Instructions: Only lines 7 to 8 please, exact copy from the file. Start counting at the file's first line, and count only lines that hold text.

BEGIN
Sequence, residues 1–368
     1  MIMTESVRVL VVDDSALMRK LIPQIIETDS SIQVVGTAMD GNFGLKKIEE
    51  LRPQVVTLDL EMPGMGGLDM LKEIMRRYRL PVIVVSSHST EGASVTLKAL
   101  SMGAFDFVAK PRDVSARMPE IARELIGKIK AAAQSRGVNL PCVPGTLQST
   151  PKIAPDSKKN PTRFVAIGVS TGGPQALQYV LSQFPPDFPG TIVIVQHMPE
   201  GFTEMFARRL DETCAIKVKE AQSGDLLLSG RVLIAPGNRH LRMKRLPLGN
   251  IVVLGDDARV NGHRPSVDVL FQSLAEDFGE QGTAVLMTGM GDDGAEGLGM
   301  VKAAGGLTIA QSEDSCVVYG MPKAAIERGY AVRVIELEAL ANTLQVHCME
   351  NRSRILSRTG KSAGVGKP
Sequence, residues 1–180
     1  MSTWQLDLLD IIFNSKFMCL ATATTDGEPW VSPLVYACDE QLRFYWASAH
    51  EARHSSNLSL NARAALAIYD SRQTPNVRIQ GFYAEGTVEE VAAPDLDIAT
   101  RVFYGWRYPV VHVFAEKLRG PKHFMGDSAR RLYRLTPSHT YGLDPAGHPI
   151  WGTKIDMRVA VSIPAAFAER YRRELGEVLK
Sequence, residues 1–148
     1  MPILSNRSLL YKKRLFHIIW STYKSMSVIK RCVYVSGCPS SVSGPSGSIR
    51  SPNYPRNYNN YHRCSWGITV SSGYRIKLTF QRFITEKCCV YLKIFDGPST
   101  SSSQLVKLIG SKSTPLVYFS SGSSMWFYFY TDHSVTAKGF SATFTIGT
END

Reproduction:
   251  IVVLGDDARV NGHRPSVDVL FQSLAEDFGE QGTAVLMTGM GDDGAEGLGM
   301  VKAAGGLTIA QSEDSCVVYG MPKAAIERGY AVRVIELEAL ANTLQVHCME